The truly civilized society cultivates an openness to new possibilities, but it is an openness that is oriented by an evolving sense of what makes life truly worth living. This structured experiential openness forms the basis for judging. Discriminating between high and low falls in the end to the truly mature and cultivated individuals whose vantage lets them identify what is low and sordid by its distance from what is intrinsically worthy of emulation. In proportion as people in general come to share in this ability to discriminate by absorbing the best that civilization can offer, a sound sense of priorities and proportion can inform social life as a whole.

To object to this view of how universality is ascertained that different traditions claim superiority is merely to draw attention to the high qualifications for judging. Only people of exceptional breadth, depth, and sensibility can rate possibilities of human existence with authority. Conceiving of the standard for what is high and low in ahistorical, “idealistic” terms has the great appeal over the one here set forth that it presupposes little in the way of character and general cultural preparation. Wisdom is conferred on easy terms.

The individuals who are most qualified to discriminate tend to be the same who incline against categorical, unqualified statements regarding the specific ways in which goodness, truth and beauty can be manifested. Although a soundly traditional civilization manages to weed out many superficialities and perversities as clearly destructive of universal values and to define a general range wherein truly rewarding life may be sought, the ever-present danger of moral and cultural atrophy and staleness creates a permanent need for creativity and reinvigoration. A vital civilization maintains continuity with the past, but it does so precisely to have the moral, intellectual and aesthetical autonomy to seize emerging and perhaps unexpected opportunities. Disagreements about the specific nature of the good, the true and the beautiful will continue. In so far as temporary resolutions are possible, it is not because brilliant arguments can defeat deficient arguments in the abstract, but because superior experience can persuade by its concrete example.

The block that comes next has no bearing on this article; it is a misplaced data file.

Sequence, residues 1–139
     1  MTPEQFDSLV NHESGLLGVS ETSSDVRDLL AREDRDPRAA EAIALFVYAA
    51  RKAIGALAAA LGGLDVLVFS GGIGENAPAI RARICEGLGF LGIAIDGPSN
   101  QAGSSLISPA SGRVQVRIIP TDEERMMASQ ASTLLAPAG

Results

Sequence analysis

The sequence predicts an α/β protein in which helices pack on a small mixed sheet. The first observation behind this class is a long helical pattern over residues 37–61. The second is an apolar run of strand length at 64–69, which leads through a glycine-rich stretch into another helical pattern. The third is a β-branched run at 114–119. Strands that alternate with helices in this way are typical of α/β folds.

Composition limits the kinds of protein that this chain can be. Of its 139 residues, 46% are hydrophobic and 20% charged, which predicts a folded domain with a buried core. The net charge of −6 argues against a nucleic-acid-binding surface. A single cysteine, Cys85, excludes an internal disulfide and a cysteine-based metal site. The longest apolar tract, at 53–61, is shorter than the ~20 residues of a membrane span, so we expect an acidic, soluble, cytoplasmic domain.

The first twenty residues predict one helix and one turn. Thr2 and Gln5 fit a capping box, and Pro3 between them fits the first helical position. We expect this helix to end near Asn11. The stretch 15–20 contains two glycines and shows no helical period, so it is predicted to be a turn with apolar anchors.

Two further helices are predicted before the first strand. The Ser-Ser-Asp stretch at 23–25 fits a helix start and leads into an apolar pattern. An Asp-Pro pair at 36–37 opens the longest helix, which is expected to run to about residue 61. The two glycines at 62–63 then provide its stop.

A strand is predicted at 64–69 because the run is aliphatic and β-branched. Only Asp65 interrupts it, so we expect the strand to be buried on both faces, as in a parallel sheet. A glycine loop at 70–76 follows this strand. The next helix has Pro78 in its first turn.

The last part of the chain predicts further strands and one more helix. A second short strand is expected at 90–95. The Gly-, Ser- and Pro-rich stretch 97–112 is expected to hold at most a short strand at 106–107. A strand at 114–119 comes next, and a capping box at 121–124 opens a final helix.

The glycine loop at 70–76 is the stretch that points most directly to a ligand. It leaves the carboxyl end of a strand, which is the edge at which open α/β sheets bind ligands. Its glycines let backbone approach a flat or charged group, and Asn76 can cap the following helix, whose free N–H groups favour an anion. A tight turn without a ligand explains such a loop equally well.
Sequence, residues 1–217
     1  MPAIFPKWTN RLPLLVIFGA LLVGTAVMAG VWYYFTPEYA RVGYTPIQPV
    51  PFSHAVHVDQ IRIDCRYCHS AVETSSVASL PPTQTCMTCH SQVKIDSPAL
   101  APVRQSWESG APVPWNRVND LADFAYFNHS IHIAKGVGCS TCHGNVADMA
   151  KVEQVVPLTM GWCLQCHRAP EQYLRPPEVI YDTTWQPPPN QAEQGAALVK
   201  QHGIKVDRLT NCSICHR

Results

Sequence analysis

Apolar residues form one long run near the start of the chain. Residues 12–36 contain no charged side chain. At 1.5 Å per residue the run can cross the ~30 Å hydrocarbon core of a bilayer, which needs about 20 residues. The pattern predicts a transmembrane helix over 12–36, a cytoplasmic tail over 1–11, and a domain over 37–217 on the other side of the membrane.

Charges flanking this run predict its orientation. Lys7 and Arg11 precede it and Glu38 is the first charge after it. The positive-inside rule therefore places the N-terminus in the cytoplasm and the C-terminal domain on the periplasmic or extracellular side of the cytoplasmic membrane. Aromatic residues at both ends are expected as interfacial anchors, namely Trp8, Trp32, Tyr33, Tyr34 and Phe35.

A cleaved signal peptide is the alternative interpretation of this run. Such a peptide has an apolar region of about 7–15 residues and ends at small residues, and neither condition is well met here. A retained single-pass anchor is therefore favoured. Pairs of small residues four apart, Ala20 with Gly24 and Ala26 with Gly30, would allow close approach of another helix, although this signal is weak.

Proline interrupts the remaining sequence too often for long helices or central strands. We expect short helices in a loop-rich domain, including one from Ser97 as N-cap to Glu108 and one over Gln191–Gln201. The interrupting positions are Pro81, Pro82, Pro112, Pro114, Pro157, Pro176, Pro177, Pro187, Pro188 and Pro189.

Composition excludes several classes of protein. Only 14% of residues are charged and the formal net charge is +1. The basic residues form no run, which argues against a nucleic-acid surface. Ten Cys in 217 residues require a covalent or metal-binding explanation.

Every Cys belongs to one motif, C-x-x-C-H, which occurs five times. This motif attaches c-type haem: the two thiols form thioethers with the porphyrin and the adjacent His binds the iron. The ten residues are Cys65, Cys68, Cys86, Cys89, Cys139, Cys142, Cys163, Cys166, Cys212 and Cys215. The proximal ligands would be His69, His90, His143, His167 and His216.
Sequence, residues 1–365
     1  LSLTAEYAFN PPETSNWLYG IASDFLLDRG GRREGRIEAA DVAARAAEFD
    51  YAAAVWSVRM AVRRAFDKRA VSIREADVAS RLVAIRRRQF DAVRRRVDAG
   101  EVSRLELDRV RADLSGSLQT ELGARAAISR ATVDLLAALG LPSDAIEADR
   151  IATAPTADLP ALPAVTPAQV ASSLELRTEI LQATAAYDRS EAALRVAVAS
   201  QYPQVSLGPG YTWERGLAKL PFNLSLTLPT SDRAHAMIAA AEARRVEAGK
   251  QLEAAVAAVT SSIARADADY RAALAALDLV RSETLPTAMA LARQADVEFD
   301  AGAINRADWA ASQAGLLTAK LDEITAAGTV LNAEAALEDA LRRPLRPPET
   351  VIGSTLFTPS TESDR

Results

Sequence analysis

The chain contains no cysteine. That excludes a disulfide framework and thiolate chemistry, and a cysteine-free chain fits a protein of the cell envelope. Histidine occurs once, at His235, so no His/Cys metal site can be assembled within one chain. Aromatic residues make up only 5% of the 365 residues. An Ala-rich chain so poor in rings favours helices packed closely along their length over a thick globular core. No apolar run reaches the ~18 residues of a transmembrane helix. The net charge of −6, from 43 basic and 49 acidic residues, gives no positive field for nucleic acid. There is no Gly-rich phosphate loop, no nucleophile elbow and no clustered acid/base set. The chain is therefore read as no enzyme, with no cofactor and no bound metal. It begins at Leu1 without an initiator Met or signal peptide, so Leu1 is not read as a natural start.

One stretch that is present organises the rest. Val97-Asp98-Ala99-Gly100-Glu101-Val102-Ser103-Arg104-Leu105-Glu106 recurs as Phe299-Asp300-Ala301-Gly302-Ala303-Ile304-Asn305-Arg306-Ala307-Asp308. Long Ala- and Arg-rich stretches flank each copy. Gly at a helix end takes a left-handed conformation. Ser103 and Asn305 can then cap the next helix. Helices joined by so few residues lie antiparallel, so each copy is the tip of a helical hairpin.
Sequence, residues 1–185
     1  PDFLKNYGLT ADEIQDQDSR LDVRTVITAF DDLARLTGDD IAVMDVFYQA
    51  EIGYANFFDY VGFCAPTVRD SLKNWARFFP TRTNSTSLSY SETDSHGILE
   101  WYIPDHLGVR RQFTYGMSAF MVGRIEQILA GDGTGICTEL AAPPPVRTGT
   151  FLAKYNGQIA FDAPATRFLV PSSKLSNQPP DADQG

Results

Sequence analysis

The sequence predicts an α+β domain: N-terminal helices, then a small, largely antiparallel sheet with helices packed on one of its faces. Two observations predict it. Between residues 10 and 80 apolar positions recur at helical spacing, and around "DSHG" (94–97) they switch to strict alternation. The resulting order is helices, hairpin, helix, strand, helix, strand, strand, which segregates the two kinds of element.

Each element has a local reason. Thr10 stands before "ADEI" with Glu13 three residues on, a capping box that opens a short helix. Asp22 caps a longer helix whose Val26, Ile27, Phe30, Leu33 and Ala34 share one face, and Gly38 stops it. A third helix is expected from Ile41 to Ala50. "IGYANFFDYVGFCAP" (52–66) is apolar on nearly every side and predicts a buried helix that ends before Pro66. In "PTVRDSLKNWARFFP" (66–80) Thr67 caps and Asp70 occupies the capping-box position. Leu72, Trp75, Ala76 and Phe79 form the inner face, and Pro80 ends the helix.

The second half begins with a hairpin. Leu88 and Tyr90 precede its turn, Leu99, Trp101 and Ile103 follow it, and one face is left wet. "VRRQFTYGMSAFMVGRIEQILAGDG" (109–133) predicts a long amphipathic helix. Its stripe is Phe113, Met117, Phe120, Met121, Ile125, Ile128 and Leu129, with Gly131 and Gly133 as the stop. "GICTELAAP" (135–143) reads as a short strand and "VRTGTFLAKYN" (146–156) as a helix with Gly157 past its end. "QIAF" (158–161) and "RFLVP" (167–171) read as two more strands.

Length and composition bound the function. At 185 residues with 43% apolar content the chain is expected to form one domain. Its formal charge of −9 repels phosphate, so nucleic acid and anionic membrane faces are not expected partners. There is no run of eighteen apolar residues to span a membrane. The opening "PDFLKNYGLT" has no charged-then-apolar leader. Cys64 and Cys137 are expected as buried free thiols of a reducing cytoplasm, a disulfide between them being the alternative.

It should be acknowledged that intellectual effort forms an integral and indispensable part of the higher life of society. Pursuing truth is one of the imperatives of human existence. Goodness, truth and beauty also depend on each other for their respective development. Human action cannot proceed without reflection. But although reason contributes greatly to the enhancement of life, it is not itself normative outside of its own realm of truth. The philosophies of ethics and aesthetics are the systematic conceptual articulations of value realities known concretely in the practical and imaginative life, respectively. Logic, the study of thinking itself, takes account of the activity whereby the goal of truth is realized. The wisdom that philosophy may possess resides in the ability to view the different aspects of human existence from the point of view of life’s higher possibilities. Because the task of philosophy is to raise human experience into conceptual self-consciousness, philosophy and the study of history ultimately coalesce.(15)

Objections by ahistorical rationalism to this view of philosophy are the protestations of a form of thinking that drains philosophy of our concrete, historical humanity and that is therefore largely irrelevant to life as it must actually be lived. It is no coincidence that abstractionists typically satisfy a need for concreteness and warmth through utopian-idyllic imagination. That kind of imagination is equally unwilling to dwell in the real world, and it only reinforces, indeed makes more enticing, the avoidance of the terms and limits of historical existence.